The “hidden job market” has become a buzz word among job seekers- especially since the job search has been so difficult in the last few years. The notion of a hidden job market— a Shangri-La of employment opportunities— is very appealing. But what does the term mean, exactly? And how should job seekers take advantage of it in their job search? Let’s find out.
The “80 percent of jobs are not advertised” figure gets a lot of press. Some think the number may be high, but the idea is that the vast majority of jobs are found through networking, word of mouth and personal recommendations. Think back to the last few jobs you received, or that your friends received. Did they get those jobs by applying to job boards, or through networking with a friend of a friend? At a quick personal count, 3 of 8 of my jobs (full and part-time) were completely unadvertised to the public. This is the hidden job market. All of those jobs that people get— supposedly up to 80 percent of all jobs— were never publicly posted. That means they must have gotten them through networking with the people they know. Now, how do you look for these during your job search?
According to Forbes, Donald Asher, author of Cracking the Hidden Job Market: How to Find Opportunity in Any Economy, has a mantra in his book: “You get a job by talking to people.” This means telling everyone and their cat about your job search. That is the best way to start networking and meeting people that can help you in your job search. You never know who will have valuable advice— it could even be your cab driver!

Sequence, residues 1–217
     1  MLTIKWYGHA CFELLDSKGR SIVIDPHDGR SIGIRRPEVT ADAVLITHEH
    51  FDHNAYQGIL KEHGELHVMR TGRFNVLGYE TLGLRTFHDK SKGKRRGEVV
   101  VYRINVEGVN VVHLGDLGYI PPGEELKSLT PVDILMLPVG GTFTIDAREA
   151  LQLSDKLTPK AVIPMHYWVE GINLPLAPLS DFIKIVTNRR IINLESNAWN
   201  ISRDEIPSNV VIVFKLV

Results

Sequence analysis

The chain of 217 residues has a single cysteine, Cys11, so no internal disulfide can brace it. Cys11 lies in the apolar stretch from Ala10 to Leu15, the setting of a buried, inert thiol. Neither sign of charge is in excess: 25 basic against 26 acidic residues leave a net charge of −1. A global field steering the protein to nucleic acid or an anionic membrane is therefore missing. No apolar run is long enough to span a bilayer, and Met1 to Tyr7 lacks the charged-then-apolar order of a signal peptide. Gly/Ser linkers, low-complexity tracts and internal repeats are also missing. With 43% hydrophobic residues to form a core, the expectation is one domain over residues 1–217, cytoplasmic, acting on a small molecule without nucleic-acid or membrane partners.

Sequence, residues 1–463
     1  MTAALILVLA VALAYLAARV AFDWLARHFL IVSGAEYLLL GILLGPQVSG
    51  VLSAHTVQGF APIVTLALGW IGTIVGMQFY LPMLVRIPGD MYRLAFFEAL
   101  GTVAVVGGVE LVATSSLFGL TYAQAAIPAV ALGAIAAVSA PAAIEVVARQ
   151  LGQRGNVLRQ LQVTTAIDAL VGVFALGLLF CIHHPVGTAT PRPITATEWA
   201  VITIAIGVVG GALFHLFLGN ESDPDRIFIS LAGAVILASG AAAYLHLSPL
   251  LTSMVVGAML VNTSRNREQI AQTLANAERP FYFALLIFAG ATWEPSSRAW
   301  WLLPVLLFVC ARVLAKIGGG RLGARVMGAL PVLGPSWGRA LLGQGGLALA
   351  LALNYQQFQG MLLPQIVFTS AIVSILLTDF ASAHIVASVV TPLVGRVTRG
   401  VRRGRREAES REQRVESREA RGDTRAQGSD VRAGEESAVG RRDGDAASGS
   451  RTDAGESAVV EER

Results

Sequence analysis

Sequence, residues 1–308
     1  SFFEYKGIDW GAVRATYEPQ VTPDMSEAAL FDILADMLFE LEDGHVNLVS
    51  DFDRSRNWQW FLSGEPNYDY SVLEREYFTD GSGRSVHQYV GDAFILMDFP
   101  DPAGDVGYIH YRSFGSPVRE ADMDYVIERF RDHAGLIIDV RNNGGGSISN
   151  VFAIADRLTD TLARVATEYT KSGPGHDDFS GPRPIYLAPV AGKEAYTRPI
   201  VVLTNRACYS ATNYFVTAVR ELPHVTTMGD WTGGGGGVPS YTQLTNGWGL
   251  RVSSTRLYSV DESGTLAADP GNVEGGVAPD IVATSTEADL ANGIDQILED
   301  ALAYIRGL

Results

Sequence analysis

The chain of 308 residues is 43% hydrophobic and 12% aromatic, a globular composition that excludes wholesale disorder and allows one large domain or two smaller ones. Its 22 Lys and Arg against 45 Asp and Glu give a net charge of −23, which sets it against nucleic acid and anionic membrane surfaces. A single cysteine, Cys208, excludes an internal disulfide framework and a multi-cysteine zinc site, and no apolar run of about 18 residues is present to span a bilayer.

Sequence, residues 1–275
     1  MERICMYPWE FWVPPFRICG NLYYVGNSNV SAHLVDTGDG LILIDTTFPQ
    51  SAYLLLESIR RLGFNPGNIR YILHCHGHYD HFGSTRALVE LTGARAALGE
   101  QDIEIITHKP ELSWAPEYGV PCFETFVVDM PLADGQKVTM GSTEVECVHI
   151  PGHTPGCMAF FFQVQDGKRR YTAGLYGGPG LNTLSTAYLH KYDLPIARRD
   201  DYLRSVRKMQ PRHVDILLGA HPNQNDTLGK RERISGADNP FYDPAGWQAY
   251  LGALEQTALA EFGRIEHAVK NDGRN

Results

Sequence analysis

While you are talking to everyone about your job search, Asher emphasizes that it is important to ask about leads, opportunities and advice. Avoid bluntly asking about job openings, especially when talking to someone who works for a company you might be interested in. You are likely to get turned over to HR, and you’ve lost any networking advantages. People are much more willing to give advice, talk about their own experiences with the company, and come around to some valuable information via that route.
Is this reminding anyone else of cold calling? Yep, cold calling is another way of breaking into the hidden job market. Keep in mind the challenges of cold calling though, and whether or not it might be effective for you as a job seeker.
Networking can seem vague and unruly until it works for you. It just doesn’t feel as productive as sending in an application. So, should you give up traditional job searches? How important is the hidden job market? The answer will vary greatly by the type and level of job that you are looking for. Higher level jobs are less likely to be advertised; Yahoo probably didn’t post its CEO opening in the Sunday paper! Smaller and local businesses are also less likely to advertise. So, if these are your targets, the hidden job market might be very important for your job search.
What you consider to be “hidden” is also important. I didn’t find my current job through a traditional advertisement. Instead, I did a Google map search for “publishing companies” in my area, and checked the company websites of each one I found. Not particularly elegant, but a good example of looking in unconventional ways for jobs.
What unusual methods have you used as a job seeker? Leave a comment below, or send me a tweet: @ithinkther4iamb #jobseeker
IMAGE: Courtesy of Flickr by MyNameMattersNot